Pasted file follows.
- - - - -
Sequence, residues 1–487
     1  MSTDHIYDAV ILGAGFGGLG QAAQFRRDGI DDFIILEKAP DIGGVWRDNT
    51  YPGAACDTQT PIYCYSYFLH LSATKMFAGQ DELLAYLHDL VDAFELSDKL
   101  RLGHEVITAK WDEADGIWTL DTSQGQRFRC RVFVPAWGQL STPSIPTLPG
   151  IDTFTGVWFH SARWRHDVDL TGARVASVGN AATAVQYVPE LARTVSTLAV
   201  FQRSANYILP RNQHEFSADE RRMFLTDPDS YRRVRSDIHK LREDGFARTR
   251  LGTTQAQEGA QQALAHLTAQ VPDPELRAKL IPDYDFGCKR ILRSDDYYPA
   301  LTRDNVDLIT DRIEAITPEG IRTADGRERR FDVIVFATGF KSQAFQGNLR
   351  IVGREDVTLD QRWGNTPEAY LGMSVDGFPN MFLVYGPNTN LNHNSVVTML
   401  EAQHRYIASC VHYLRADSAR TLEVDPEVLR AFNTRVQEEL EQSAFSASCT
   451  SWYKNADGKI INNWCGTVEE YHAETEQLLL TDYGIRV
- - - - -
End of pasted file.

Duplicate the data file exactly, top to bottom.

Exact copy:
Sequence, residues 1–487
     1  MSTDHIYDAV ILGAGFGGLG QAAQFRRDGI DDFIILEKAP DIGGVWRDNT
    51  YPGAACDTQT PIYCYSYFLH LSATKMFAGQ DELLAYLHDL VDAFELSDKL
   101  RLGHEVITAK WDEADGIWTL DTSQGQRFRC RVFVPAWGQL STPSIPTLPG
   151  IDTFTGVWFH SARWRHDVDL TGARVASVGN AATAVQYVPE LARTVSTLAV
   201  FQRSANYILP RNQHEFSADE RRMFLTDPDS YRRVRSDIHK LREDGFARTR
   251  LGTTQAQEGA QQALAHLTAQ VPDPELRAKL IPDYDFGCKR ILRSDDYYPA
   301  LTRDNVDLIT DRIEAITPEG IRTADGRERR FDVIVFATGF KSQAFQGNLR
   351  IVGREDVTLD QRWGNTPEAY LGMSVDGFPN MFLVYGPNTN LNHNSVVTML
   401  EAQHRYIASC VHYLRADSAR TLEVDPEVLR AFNTRVQEEL EQSAFSASCT
   451  SWYKNADGKI INNWCGTVEE YHAETEQLLL TDYGIRV